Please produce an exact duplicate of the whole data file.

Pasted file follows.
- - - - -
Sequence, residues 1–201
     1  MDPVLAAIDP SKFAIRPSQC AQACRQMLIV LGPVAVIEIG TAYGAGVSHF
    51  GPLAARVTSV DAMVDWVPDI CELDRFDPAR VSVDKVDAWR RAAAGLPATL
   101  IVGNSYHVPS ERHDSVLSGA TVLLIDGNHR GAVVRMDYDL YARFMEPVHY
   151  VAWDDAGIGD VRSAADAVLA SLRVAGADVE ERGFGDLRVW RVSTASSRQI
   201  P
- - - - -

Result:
Sequence, residues 1–201
     1  MDPVLAAIDP SKFAIRPSQC AQACRQMLIV LGPVAVIEIG TAYGAGVSHF
    51  GPLAARVTSV DAMVDWVPDI CELDRFDPAR VSVDKVDAWR RAAAGLPATL
   101  IVGNSYHVPS ERHDSVLSGA TVLLIDGNHR GAVVRMDYDL YARFMEPVHY
   151  VAWDDAGIGD VRSAADAVLA SLRVAGADVE ERGFGDLRVW RVSTASSRQI
   201  P